Economics has long suffered from physics envy: awed by the genius of Isaac Newton and his insights into the physical laws of motion, 19th century economists became fixated on discovering economic laws of motion. But these simply don’t exist: they are mere models, just like the theory of market equilibrium which blinded economists to the looming financial crash of 2008. That’s why 21st-century economists embrace complexity and evolutionary thinking instead …

5. Design to distribute: from ‘growth will even it up again’ to distributive by design.

In the 20th century economic theory whispered a powerful message when it comes to inequality: it has to get worse before it can get better, and growth will eventually even things up. But extreme inequality, as it turns out, is not an economic law or necessity: it is a design failure. Twenty-first century economists recognize that there are many ways to design economies to be far more distributive of value among those who help to generate it …

6. Create to regenerate: from ‘growth will clean it up again’ to regenerative by design.

Economic theory has long portrayed a clean environment as a luxury good, affordable only for the well-off—a view that says that pollution has to increase before it can decline, and (guess what), growth will eventually clean it up. But as with inequality there is no such economic law: environmental degradation is the result of degenerative industrial design …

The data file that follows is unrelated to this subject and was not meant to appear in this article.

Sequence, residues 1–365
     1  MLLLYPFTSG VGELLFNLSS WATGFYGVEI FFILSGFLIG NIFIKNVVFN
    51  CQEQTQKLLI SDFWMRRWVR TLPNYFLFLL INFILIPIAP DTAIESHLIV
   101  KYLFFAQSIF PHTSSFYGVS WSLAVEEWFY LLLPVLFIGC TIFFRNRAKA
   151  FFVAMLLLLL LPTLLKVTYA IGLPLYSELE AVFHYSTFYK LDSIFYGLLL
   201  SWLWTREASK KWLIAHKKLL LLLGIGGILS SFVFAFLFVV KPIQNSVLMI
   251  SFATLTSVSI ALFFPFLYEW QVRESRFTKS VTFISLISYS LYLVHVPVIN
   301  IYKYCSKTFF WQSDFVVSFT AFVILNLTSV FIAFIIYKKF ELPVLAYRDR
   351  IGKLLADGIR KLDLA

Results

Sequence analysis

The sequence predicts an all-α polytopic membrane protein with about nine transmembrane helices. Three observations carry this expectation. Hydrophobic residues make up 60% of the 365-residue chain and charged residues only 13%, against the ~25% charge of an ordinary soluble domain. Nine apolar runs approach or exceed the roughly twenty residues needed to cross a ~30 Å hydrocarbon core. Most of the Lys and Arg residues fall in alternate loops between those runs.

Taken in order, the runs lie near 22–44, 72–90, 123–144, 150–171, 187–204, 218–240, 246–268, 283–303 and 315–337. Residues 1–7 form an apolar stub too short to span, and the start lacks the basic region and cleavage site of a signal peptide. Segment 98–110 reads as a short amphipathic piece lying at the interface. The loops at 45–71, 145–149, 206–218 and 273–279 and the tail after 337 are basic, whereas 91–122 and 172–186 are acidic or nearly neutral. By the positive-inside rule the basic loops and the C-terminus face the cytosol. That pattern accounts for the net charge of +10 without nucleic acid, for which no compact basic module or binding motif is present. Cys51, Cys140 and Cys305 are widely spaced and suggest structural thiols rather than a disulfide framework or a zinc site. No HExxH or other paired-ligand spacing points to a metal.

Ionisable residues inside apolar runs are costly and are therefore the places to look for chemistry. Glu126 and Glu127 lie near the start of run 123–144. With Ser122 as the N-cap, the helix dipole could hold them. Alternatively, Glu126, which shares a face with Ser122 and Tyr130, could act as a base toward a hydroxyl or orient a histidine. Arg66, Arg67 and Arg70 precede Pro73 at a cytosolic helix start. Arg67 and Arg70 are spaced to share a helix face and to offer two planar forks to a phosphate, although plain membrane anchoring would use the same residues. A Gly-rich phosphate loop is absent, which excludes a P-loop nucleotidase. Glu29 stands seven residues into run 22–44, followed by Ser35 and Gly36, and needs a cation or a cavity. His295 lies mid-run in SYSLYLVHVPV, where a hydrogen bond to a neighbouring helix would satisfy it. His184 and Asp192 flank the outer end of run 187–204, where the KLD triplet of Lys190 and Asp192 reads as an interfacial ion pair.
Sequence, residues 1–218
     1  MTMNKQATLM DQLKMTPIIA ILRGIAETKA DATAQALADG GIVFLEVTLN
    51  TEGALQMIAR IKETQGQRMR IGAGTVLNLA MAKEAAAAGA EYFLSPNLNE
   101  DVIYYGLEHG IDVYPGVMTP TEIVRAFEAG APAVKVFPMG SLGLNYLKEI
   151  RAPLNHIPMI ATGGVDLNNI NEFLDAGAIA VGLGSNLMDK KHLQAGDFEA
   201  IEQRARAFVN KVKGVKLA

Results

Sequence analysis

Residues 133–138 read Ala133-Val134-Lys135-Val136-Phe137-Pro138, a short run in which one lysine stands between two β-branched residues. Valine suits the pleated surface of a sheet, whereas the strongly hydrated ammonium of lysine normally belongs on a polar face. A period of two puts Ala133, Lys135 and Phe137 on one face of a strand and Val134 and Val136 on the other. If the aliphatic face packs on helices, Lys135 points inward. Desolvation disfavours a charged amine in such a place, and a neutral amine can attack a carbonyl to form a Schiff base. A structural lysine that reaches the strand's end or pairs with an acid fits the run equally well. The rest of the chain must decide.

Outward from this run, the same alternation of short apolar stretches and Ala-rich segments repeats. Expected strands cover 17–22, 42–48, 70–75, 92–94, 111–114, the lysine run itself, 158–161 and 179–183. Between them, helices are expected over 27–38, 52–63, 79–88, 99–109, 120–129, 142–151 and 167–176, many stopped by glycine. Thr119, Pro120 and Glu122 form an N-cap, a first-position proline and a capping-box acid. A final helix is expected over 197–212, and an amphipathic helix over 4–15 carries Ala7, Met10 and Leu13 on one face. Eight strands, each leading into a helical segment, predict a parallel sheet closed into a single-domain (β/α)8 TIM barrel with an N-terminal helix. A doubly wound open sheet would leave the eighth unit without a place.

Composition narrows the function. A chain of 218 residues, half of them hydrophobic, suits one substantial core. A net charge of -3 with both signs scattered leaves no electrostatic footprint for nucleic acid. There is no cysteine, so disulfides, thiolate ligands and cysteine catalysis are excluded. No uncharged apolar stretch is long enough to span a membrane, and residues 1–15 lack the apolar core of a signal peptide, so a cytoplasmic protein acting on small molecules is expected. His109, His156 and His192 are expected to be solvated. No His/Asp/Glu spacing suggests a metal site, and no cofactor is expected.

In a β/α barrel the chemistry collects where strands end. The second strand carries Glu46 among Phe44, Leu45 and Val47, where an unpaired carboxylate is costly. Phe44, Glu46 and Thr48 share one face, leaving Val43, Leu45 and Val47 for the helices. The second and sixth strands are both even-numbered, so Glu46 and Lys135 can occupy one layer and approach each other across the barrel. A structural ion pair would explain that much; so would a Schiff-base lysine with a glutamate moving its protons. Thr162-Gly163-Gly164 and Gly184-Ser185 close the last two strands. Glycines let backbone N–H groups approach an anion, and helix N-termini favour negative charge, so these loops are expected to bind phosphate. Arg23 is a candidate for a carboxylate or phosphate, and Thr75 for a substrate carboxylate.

7. Be Agnostic about Growth: from growth-addicted to growth-agnostic.

To the alarm of governments and financiers, forecasts for GDP growth in many high-income countries are flat-lining, opening up a crisis in growth-based economics. Mainstream economics views endless GDP growth as a must, but nothing in nature grows forever, and the economic attempt to buck that trend is raising tough questions in high-income but low-growth countries. That’s because today we have economies that need to grow, whether or not they make us thrive. What we need are economies that make us thrive, whether or not they grow.